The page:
Fair, fast and effective? That’s a bit of a reach. A fair system does not presume guilt, strip you of due process and then restore bits upon payment of a fee. A fair system cannot be established on the back of dubious methods for collecting evidence that have been comprehensively rubbished in other jurisdictions.
The UK’s creative businesses now contribute economic output of at least £60 billion per annum and account for 1.8 million jobs in the UK; however, according to a report launched this month by TERA Consultants, more than 250,000 jobs could be directly at risk if immediate action is not taken against the huge growth in online piracy.
Again — this doesn’t gel with the reality that online revenues are rising, despite the record industry’s remarkable lack of nous in failing to create an environment that encourages new and innovative services to arise. That same report, highlights a 1130% rise in digital revenues between 2004-2008, and a 49% drop in physical sales. And a 228% increase in video on demand. In total, there’s a 13% fall in revenues — due, apparently, to a drop in filmed entertainment revenues.
So, why haven’t they made an iTunes for TV, and seen a 1130% rise in revenue there, too? God knows. I don’t.
We must not let this opportunity pass.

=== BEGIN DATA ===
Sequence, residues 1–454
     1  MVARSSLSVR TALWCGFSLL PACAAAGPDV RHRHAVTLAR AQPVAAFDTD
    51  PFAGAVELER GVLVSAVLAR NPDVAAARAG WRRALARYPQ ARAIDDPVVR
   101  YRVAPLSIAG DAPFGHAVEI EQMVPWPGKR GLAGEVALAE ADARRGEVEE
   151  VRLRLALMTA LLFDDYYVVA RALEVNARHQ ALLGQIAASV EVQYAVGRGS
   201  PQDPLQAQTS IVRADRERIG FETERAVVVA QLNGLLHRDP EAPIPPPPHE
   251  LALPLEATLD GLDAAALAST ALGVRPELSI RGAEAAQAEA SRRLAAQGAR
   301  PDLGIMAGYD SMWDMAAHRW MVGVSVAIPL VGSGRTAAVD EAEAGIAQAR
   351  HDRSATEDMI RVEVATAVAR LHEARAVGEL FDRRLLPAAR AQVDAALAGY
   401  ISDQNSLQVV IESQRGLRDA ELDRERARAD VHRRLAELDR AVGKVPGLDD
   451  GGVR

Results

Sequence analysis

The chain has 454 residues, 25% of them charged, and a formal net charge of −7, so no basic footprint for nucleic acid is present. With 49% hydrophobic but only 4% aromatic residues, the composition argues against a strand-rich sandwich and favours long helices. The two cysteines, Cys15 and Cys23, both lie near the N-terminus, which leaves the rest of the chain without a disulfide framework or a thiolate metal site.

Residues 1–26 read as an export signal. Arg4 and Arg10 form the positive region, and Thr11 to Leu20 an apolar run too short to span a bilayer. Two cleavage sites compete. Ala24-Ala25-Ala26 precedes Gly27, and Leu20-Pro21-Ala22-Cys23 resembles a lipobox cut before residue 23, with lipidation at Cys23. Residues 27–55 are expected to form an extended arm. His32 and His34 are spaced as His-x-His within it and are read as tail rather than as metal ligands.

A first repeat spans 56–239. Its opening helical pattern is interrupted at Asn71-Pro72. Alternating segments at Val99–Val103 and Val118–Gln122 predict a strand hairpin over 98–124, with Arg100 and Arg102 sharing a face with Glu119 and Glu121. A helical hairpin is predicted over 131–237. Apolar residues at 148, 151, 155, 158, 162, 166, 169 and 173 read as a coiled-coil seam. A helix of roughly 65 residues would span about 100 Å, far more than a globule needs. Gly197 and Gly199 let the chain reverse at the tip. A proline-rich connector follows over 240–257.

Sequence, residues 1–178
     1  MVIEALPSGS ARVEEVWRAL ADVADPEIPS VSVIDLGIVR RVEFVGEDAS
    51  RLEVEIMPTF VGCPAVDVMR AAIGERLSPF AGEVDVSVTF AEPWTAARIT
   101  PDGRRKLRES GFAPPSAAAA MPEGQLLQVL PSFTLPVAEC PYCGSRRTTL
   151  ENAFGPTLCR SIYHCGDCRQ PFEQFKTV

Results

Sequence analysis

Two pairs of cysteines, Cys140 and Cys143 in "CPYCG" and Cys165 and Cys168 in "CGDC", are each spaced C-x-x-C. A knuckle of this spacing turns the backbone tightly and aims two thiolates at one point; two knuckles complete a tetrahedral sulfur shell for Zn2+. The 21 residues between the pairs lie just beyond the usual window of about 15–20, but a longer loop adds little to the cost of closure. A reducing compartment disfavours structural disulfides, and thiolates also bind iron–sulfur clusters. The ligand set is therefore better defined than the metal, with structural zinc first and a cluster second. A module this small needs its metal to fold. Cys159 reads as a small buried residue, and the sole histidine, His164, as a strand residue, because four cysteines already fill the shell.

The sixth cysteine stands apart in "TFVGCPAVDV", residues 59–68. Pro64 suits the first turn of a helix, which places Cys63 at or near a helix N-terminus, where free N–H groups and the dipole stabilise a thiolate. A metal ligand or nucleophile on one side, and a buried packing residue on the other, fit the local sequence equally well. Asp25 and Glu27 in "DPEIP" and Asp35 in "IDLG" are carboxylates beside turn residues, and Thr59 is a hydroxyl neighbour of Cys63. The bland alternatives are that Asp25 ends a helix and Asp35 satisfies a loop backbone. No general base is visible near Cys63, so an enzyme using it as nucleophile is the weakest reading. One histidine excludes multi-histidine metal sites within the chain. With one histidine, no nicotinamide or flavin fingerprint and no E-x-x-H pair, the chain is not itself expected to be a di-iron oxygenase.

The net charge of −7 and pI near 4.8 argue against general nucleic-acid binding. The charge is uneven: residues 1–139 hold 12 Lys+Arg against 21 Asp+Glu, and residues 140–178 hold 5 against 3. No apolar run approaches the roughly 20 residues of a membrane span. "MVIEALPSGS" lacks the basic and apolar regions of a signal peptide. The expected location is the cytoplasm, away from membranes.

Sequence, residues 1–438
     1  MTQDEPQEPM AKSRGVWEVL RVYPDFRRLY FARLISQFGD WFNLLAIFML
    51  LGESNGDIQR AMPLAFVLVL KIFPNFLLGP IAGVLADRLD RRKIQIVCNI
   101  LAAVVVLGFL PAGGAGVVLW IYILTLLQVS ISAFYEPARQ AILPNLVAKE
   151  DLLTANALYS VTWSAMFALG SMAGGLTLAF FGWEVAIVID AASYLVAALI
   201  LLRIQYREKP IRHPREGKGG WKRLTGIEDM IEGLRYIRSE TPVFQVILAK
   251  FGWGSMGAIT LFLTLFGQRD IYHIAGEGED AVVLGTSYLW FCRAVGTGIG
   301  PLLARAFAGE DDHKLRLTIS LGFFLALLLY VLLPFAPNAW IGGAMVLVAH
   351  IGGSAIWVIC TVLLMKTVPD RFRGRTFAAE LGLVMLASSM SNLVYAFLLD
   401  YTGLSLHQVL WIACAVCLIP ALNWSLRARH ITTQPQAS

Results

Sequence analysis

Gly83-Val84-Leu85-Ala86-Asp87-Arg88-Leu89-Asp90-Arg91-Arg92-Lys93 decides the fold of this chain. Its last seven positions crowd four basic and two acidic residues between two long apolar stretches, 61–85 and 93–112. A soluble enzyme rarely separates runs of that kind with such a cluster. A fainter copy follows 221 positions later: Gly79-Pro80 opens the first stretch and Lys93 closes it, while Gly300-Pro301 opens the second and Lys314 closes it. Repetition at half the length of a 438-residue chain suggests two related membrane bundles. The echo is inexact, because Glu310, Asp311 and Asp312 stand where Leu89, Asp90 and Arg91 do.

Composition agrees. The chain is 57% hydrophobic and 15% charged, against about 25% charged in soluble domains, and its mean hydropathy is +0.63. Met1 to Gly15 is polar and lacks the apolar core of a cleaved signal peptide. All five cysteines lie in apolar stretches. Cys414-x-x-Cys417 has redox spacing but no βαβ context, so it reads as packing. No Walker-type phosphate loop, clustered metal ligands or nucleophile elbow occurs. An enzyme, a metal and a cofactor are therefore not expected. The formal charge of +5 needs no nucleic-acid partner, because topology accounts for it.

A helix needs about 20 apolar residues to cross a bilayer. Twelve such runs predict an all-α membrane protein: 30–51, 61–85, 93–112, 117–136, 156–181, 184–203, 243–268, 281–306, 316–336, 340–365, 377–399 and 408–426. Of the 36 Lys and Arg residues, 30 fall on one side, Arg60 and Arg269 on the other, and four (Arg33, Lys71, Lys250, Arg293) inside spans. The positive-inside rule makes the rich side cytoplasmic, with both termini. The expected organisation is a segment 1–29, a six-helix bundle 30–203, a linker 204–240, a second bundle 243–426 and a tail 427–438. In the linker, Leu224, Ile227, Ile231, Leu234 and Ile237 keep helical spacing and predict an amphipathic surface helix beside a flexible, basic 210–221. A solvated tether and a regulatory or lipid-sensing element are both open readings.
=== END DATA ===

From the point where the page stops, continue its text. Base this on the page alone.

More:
A telling line. What opportunity is that? The opportunity, perhaps, to squeeze this bill through the legislature while the majority of MPs aren’t paying attention?
Opponents of the Bill have tried to block its progress through a campaign that distorted the truth about the Digital Economy Bill.
I don’t think so. I think the lies and spin are blowing in precisely the opposite direction. Hopefully, people will be able to tell the difference. Hopefully, this is one battle that corporate lobbyists won’t win.
In reality, however, the Bill is a sensible and much needed response to what has become an unacceptable situation for those whose livelihoods depend on the success of the creative industries.
In reality, the creative industries have long been making their own bed, and are now lobbying for laws that stop them having to lie in it. It’s Sony vs Universal all over again, but bigger. Why they and our politicians are unable to see this is mystifying. As usual, I suspect a heady mix of groupthink and ignorance is to blame.
In any case — we, who can see, need to fight the good fight. So go and join the Open Rights Group, and help fight for a Digital Economy Bill that makes sense.
Updated to add: And, on the very day that the bill has its second reading in the Commons, this press release from the BPI arrives in my feed — about how great things are and about how their wonderful online services are making so much money. I shit you not.